Do not plan on publishing your work or for anyone to see it.
If you work with models, make sure to take the model you are most comfortable with and who will be okay if you will not release the images. It does not mean that, if in the end of it, you will end up liking them, you can’t release them. But making sure while you shoot, you are not having the pressure of having to show it to anyone.
Just take your camera and submerge yourself into the process. Take photos as you feel like, even if some of them will end up not looking good.
At the end of such shoot you are guaranteed to remember all the reasons you picked up a camera in the first place and feel the pure joy of the process again.
3) One for yourself.
Make sure on every shoot you take at least one image that is shot a way you would have never shot. Something very different, weird. This is how you develop flexibility of mind and can discover unexpectedly good new ways of shooting.
You can try using items around you as props, from the light bulb cover to mobile phone surface, to almost anything you can find, but something that you did not expect to use. Our brains thrive on challenge.
At the same time, we are so used to “how it is usually done” that we rarely allow ourselves to approach things differently. The true uniqueness and creativity can come from breaking the norms of the “expected” and brings back the child-like curiosity towards putting objects to unintended use.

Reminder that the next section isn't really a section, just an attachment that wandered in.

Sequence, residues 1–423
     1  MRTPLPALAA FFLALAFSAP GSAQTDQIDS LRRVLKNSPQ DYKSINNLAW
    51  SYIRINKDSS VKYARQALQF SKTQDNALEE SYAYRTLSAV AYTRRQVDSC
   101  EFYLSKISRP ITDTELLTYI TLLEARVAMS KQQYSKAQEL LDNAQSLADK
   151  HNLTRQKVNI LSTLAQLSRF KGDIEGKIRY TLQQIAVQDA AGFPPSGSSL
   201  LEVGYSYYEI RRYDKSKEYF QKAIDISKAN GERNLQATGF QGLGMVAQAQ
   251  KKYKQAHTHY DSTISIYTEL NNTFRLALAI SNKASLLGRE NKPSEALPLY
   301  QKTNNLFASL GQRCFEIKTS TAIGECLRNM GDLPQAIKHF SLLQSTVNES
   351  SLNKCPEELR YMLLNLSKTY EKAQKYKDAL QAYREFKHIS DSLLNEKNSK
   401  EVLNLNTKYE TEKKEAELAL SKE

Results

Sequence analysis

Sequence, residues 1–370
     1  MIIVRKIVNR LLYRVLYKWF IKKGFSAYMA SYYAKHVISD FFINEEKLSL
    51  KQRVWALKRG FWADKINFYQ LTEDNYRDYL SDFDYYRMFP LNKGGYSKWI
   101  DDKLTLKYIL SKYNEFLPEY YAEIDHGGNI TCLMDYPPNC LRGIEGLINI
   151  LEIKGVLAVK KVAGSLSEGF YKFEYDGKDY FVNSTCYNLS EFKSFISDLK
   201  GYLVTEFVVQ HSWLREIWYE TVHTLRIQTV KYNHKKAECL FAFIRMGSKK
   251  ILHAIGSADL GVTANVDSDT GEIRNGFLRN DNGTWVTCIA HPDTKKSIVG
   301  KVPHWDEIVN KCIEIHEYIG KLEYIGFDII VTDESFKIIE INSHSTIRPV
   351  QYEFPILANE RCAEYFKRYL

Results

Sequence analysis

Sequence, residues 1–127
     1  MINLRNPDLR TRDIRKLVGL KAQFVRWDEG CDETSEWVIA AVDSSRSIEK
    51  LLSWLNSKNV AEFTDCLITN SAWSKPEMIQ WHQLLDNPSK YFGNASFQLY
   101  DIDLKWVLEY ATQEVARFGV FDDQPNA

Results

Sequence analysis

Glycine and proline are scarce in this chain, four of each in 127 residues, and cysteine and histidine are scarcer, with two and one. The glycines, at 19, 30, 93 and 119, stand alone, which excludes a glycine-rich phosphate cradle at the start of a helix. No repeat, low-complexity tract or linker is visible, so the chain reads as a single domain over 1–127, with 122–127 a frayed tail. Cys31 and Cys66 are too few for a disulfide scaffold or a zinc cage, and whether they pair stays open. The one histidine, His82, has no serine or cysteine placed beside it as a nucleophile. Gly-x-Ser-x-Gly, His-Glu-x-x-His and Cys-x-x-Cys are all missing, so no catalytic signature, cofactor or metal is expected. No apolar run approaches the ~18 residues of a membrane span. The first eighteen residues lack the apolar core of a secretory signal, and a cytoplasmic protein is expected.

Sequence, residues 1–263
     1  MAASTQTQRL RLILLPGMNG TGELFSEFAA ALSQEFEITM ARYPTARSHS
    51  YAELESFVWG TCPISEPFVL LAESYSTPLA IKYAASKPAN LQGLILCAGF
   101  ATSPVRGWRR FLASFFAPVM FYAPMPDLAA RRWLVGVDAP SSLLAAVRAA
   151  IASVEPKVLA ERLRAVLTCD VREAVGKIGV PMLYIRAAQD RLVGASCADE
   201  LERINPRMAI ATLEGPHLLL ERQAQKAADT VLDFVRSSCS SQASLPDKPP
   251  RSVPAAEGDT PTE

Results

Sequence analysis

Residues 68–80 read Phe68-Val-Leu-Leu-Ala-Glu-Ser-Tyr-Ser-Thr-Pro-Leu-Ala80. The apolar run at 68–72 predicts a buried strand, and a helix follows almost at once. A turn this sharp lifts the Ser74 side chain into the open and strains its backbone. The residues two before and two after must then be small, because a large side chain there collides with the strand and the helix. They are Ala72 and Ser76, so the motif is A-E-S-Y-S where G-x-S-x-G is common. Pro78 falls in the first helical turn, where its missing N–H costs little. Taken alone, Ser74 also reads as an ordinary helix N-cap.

Do Not Stop Learning
1) Have a moodboard of techniques and light that you like.
Get into the studio and try to replicate that light. Don’t copy the frame and the shot, but just replicate the light. Without Googling the set up. It will bring enormous amounts of learning, and you will grow to understand lighting better and be comfortable with it.
When we focus on only the result and forget the process, we end up only scratching the surface of experience. We can never master it.
Creative growth requires understanding of how the back-end of techniques works. Once you understand how lighting flows and what difference changing it one way or the other makes, you will find yourself confident in trying to experiment with it. You will be able to come up with your own unique combinations and techniques.
2) Once a day, learn at least one new thing… no matter how small.
Watching a tutorial, reading few pages of a new book, deconstructing the light set-ups…there is a vast world of new thing to learn out there. In sight of a big goal, we forget that any big achievement consists of small daily victories we have, small steps towards that creative goal.
Similarly, these small daily learnings, lingering at the back of your mind, once acquired, can help you improve overall quality of your work, serve as an inspiration, broaden your creative horizons and add to the feeling of self-confidence.
Give yourself small challenges once in a while. Slay your dragon and feel like a hero.
It boosts your confidence, and that confidence, in turn, will make you more open to experiments and help you feel like you can do anything, no matter how hard.
For example, I once challenged myself to read at least 100 pages of a book every day for a week. By the end of that week I did not just feel more educated, I also felt excited to try new techniques as the confidence of that small victory gave me extra energy.
Each of these steps is closely connected with one another. They provide mutual support. And all together jump-start your creative engine making it a speedy joyride.